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Meet Your Crew

Previous chapters have introduced you to many of the technicians in the departments of Electrical Operations, Camera Operations, and Sound Operations. On a full-scale film-style production, there are lots more skilled people on a set. Here are some of their job descriptions and reporting relationships:

  • First assistant director (AD) is the director's primary assistant, responsible for supervising operations on the set. She has control over the shooting schedule and is responsible for keeping to it. At any point, if the crew isn't shooting, the AD's job is to know exactly what it's waiting for and how long it will take.

  • Second AD assists the First AD. He is usually responsible for some kinds of record keeping and for getting cast members to and from the set.

  • Production manager reports to a line producer and oversees the budget, hires crew, and approves payments. Although production manager responsibilities are often assumed by producers, this job is considered a below-the-line function. (See “Above the Line, Below the Line” later in this chapter.)

  • Location manager is responsible for securing locations as well as supervising the set construction. Location manager is usually a studio job, and even then a producer often does it. Or she may report to the producer or line producer. Although location manager responsibilities are often assumed by producers, this job is considered a below-the-line function.

  • Set construction crew reports to the line producer or production manager. Specific job categories may include supervisor, builder, and painter. The team that actually assembles a set is called the swing gang, not because of the timing of their shift but presumably because they flail away with hammers.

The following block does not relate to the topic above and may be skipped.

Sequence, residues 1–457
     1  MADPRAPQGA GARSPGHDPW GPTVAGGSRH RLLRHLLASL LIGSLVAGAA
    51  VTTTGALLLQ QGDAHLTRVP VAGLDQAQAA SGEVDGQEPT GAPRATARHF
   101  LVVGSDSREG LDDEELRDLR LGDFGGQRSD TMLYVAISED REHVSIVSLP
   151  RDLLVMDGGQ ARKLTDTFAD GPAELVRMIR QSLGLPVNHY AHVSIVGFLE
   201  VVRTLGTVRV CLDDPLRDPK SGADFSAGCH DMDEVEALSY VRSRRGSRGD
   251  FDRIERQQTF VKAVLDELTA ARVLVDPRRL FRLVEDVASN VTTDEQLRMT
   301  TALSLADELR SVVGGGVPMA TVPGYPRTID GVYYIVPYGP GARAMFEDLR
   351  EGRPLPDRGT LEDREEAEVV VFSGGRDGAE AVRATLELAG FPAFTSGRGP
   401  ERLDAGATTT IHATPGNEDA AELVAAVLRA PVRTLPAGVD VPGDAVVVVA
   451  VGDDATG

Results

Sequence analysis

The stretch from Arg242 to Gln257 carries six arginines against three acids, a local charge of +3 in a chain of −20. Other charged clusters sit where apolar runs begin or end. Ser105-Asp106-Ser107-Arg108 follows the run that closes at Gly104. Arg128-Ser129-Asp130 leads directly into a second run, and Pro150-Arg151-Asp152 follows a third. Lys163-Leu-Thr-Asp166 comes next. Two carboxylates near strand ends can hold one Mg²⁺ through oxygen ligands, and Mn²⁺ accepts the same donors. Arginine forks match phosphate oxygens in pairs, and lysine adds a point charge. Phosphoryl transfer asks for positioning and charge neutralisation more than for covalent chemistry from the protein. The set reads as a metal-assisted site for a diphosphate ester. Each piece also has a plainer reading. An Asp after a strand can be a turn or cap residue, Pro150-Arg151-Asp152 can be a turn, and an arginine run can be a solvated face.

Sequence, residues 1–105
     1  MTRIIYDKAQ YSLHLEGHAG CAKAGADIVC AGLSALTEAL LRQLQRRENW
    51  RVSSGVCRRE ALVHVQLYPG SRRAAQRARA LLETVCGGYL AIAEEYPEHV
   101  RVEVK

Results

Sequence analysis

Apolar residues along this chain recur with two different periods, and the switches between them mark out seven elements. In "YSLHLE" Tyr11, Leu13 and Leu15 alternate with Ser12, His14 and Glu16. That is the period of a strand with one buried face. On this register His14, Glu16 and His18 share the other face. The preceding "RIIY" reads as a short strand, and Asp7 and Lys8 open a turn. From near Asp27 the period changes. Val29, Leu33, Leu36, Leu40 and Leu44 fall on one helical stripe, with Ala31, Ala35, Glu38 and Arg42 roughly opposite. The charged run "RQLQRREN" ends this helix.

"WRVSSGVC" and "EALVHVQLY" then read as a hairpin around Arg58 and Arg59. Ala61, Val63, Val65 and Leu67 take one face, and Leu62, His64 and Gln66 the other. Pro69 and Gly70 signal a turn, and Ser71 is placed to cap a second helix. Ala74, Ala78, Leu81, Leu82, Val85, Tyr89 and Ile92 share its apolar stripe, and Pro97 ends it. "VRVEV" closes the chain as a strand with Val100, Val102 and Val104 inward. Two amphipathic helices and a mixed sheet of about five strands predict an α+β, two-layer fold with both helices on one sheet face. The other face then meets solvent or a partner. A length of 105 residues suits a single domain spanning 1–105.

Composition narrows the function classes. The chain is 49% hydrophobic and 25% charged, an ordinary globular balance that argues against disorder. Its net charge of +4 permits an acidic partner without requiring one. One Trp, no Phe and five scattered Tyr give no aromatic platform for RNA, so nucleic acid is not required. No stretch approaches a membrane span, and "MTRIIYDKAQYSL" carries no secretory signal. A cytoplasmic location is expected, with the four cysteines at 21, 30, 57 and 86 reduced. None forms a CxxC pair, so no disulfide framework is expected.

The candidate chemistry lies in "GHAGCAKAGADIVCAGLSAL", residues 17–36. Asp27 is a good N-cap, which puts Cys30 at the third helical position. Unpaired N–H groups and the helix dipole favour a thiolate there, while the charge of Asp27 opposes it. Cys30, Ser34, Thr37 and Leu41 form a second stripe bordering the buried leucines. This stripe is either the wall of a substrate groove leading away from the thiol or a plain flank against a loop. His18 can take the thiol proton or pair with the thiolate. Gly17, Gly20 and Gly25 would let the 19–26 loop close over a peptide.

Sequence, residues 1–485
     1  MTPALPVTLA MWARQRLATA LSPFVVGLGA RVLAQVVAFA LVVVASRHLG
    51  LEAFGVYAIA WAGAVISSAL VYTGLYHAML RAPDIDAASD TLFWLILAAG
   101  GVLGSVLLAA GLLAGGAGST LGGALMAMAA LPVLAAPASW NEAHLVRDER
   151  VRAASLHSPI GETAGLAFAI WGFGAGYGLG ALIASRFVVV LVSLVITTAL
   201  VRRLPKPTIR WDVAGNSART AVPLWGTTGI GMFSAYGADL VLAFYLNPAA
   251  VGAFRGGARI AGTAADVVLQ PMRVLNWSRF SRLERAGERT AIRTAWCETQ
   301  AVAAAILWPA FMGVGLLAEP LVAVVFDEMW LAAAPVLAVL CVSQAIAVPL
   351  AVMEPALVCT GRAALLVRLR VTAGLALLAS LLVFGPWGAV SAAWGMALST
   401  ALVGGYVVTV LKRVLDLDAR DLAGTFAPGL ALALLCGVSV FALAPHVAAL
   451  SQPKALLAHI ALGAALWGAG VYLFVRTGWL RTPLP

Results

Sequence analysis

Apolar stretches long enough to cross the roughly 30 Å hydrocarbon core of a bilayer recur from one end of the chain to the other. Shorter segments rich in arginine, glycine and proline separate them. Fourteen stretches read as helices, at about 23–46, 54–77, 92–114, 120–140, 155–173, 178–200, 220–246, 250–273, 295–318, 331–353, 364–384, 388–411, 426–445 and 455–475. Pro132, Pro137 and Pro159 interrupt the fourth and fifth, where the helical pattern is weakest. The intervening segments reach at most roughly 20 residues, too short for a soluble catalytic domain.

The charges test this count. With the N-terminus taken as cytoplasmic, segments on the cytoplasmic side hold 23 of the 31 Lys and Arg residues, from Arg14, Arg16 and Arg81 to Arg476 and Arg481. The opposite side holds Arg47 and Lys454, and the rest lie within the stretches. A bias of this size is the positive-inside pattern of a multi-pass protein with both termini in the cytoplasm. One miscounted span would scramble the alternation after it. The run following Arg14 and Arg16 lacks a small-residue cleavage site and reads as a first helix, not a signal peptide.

SWING GANG: Team within a set construction crew that assembles a set.


  • Production designer works with the DP and designers in other creative departments. He's primarily responsible for the look of the movie. Sometimes known as art director.

  • Set decorator/designer and dressers are responsible for the interior decorating that makes a set look real. Their department reports to the production designer.

  • Costume designer/dressers belong to another creative department that reports to the production designer.

  • Makeup and hair is a creative department that reports to the production designer.

  • Special effects crew reports to the director or to the DP and devises and rigs all kinds of cinematic tricks done on the set, such as knife-throwing scenes and exploding squibs of red dye to simulate bullet wounds.

  • Production assistant (PA) is an all-around assistant (or go-fer) to various production crew members. Often an intern or apprentice.

  • Prop master is responsible for all props or objects used in on-screen actions. She reports to the production designer.

  • Prop technicians bring props to and from the set, rig them, and instruct actors in their use. They report to the prop master.

  • Transportation crew must be members of the Teamsters union, at least on a union set. These drivers handle anything with an engine and wheels: cars, vans, and limos for actors and crew; trucks for equipment; actors' trailers (mobile dressing rooms); portable restroom vehicles (called honey wagons), crane trucks, and trailers that carry electrical generators.


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